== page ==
Little doubt remains that famed neurosurgeon Ben Carson will take the plunge and run for president. Sources also indicate that Marco Rubio is growing increasingly frustrated in the Senate and unlikely to seek a second term, which paves the way for you know what. The Scott Walker PAC meanwhile made two important hires for their leadership board. And on the congressional side of things, former Rep. Todd Akin said he will not challenge Sen. Roy Blunt in a 2016 primary. I know, you’re heartbroken. Meanwhile, Democratic Sen. Barbara Mikulski is calling it quits after 2016. And taking her place may be Rep. Chris Van Hollen, who announced he will run for Senate in 2016.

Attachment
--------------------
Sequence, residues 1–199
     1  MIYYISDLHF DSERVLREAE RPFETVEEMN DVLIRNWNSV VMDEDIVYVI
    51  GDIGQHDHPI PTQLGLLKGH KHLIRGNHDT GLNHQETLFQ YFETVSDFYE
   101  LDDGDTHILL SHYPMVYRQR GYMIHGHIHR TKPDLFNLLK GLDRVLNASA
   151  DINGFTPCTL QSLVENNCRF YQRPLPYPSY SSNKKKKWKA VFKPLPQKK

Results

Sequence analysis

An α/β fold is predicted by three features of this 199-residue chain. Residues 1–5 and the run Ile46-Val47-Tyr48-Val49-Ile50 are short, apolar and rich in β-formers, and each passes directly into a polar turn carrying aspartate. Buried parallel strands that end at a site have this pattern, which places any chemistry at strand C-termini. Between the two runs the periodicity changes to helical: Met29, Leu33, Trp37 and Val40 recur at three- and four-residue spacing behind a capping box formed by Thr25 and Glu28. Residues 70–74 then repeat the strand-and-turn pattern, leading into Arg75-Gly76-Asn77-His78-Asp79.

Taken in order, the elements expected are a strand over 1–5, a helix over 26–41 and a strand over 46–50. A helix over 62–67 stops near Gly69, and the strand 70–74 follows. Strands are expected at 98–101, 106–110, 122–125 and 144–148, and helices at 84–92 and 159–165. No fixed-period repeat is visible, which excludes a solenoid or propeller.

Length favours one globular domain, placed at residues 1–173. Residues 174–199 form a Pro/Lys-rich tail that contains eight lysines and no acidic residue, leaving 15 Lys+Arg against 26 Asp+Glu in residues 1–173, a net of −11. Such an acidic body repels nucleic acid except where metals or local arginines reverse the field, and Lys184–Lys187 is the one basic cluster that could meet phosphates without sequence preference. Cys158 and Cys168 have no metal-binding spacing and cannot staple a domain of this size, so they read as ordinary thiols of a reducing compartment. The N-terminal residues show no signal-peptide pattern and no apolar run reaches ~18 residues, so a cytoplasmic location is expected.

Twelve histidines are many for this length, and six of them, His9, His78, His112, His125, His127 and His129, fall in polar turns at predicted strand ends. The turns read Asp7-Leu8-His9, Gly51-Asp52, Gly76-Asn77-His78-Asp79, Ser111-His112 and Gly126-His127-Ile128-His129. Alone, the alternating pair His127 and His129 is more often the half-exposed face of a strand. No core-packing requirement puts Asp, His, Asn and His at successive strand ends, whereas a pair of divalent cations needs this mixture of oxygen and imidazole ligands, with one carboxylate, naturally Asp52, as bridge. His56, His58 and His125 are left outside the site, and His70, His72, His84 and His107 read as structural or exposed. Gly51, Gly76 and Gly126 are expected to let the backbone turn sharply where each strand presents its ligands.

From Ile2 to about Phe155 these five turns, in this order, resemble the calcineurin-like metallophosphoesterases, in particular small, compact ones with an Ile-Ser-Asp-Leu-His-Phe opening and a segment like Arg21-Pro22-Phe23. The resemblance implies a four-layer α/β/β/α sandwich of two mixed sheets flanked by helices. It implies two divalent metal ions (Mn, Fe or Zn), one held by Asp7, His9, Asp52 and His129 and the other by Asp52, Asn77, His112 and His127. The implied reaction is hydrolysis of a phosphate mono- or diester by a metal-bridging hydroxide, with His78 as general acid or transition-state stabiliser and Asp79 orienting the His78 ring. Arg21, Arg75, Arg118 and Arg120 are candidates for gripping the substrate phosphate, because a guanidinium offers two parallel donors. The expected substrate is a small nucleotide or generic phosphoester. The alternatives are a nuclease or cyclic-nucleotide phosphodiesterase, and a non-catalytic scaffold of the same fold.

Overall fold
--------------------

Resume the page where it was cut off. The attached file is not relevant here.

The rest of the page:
Despite the ATF, DOJ, and White House’s claims that the proposed ban on commonly used ammunition for AR-15s is necessary to protect law enforcement officers from “armor piercing” ammunition, that claim doesn’t pass the smell test. And the House Judiciary Committee Chairman said the ATF’s attempt to ban the ammunition through executive order is preposterous. Breaking news on this front happened Friday afternoon, as it was revealed the "green-tip" ammunition in question has already been reclassified as "armor piercing," meaning their comment period was just for show. In other gun news, New Yorkers are launching a new strategy to chip away at the extremely anti-gun SAFE act; the Maine legislature is considering whether to allow “constitutional carry;” and California had a record year in handgun sales. Oh, and according to a DOJ report, “Hands Up, Don’t Shoot” never actually happened.